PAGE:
Everything you need to know about Electronic Muscle Stimulation (EMS) workouts.
Nobody wants to spend more time working out than they have to (unless the guy on the elliptical beside them looks like Garrett Hedlund). Enter Electronic Muscle Stimulation (EMS). The workout, a fave in professional-athlete circles and gaining popularity with celebs (Ashley Graham, Alessandra Ambrosio and Hannah Bronfman can all be found on Instagram getting suited up in the equipment), is said to deliver the equivalent of a 90-minute workout in 20 minutes.
It works by pulsing currents—yes, real electrical currents—into muscles via a Lara Croft-looking jumpsuit that contains electrodes on the arms, abs and back, butt and upper thighs. (The sensation is akin to 1,000 cellphones vibrating on your body.)
How does that translate into ripped abs and arms? When you do a traditional bicep curl, for example, your brain sends a signal to your muscle to contract. The EMS machine mimics the same signal but to all parts of the body linked with the electrodes, explains Mani Khajehnouri from GoGo Muscle Training (from $50, gogomuscletraining.com) in Toronto.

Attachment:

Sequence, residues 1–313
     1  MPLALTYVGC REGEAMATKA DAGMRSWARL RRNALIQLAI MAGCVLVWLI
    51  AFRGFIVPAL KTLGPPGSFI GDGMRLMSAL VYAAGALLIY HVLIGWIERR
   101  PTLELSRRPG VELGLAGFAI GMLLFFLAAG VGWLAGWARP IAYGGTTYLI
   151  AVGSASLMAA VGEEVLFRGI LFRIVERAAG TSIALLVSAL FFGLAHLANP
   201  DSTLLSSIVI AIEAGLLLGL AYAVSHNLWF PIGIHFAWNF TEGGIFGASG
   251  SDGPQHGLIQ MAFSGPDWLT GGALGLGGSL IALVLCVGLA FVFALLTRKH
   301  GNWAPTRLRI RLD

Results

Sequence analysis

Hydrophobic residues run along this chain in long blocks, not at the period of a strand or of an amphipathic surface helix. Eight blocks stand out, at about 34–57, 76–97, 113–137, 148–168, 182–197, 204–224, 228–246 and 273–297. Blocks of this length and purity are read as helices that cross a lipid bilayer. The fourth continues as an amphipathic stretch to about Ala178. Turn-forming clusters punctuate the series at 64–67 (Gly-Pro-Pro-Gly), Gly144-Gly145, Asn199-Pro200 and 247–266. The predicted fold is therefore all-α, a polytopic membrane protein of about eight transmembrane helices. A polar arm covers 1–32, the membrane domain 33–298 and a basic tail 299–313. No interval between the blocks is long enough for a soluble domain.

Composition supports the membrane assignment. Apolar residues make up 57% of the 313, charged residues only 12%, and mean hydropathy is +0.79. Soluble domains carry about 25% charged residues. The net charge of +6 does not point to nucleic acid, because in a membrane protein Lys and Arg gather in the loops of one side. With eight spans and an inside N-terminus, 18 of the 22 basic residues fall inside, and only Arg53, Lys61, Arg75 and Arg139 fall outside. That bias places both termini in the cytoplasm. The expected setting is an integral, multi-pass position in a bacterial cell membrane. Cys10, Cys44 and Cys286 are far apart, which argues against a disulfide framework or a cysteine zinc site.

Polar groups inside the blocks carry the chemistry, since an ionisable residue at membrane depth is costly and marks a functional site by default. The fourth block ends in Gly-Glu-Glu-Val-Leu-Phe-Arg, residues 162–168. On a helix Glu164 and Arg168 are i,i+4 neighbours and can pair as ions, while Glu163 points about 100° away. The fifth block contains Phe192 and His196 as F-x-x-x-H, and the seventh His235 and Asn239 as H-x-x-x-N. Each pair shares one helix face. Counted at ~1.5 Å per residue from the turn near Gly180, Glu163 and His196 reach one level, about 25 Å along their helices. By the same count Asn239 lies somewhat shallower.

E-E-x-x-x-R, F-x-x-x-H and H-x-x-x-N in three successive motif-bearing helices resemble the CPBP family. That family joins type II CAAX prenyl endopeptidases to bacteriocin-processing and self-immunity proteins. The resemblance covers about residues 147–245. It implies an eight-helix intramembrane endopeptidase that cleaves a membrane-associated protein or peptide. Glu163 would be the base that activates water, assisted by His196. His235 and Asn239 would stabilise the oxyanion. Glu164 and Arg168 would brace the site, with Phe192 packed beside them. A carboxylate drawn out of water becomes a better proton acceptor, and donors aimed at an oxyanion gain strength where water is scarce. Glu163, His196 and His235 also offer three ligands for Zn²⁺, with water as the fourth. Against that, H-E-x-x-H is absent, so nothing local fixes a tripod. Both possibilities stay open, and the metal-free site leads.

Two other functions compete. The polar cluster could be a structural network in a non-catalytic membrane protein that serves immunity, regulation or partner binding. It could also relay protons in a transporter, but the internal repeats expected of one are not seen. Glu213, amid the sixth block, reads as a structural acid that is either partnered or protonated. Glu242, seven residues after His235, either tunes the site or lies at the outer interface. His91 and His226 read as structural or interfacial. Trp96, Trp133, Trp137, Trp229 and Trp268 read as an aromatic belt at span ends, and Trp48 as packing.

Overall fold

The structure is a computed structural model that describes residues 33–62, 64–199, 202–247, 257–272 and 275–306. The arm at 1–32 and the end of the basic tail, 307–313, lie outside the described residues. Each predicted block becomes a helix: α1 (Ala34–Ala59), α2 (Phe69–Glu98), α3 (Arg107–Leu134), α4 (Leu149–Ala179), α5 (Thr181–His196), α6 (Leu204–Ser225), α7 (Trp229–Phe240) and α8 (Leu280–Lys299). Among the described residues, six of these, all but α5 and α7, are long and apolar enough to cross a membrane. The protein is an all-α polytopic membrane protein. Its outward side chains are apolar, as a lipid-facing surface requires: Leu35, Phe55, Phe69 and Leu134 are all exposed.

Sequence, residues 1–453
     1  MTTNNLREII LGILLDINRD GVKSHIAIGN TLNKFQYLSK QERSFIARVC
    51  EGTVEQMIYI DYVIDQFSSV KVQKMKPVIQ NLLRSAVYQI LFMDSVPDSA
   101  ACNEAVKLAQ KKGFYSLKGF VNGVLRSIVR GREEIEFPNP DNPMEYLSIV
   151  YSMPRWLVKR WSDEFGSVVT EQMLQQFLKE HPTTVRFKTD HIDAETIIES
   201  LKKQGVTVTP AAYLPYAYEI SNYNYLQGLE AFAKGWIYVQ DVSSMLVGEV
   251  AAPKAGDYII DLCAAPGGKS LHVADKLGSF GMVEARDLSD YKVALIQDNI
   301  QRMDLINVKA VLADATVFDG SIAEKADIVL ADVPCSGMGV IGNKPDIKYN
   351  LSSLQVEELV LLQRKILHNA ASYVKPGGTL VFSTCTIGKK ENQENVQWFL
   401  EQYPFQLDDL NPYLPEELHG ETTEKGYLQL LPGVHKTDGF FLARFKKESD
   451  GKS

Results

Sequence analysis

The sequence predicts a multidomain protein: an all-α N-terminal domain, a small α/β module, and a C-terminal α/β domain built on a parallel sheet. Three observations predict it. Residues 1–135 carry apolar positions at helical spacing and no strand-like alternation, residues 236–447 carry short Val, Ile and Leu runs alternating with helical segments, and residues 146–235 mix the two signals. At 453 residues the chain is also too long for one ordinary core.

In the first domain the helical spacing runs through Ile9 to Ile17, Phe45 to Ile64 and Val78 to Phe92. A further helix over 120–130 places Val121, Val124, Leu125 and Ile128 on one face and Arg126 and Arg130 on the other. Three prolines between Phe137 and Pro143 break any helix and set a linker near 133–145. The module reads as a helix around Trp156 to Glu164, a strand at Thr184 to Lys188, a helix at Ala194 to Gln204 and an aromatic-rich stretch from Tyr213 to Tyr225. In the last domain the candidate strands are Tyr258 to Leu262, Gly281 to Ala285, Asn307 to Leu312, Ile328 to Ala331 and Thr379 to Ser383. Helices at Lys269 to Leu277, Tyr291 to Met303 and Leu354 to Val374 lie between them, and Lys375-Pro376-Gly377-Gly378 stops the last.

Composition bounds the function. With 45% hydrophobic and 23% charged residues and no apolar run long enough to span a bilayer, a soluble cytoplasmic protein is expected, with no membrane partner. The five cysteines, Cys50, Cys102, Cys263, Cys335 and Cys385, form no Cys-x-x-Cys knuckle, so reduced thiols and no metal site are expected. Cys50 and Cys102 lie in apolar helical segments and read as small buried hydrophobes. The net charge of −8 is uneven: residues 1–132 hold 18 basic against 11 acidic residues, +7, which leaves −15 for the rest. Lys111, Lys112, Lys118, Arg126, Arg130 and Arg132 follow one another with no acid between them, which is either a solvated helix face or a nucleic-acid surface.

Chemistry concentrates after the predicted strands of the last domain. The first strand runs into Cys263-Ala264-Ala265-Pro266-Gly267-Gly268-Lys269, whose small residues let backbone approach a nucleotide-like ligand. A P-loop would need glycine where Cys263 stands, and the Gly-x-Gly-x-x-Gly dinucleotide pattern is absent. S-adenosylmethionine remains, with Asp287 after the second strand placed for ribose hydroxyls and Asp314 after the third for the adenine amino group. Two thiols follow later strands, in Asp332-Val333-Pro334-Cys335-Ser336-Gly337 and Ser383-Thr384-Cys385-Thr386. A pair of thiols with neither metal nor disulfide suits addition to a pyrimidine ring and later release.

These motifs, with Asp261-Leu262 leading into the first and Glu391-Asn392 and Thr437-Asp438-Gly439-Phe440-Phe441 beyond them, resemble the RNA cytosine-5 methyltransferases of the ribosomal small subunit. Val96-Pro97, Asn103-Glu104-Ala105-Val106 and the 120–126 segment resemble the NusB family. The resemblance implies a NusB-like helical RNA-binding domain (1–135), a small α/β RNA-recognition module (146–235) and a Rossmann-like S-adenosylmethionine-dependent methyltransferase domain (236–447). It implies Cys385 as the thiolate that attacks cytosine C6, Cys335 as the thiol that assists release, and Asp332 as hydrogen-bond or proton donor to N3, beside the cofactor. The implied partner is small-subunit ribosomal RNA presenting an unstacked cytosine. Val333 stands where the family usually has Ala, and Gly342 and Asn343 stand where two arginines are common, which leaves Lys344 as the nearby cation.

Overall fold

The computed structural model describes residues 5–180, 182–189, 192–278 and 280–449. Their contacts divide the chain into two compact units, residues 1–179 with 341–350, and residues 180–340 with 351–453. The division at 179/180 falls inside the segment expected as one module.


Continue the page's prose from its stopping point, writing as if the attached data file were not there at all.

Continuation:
So that one curl becomes (a) a full body movement, which we know is more effective than isolating muscles, and (b) way more intense because the pulse targets more of the muscle, including the slow-twitch muscle fibres (i.e., tissues that usually aren’t activated until about two or three hours into a workout, when you’re properly fatigued). Studies are mixed over its efficacy, but we tried a HIIT workout wearing the suit and definitely felt the burn the next morning.
This article originally appeared in the April 2018 issue of ELLE Canada.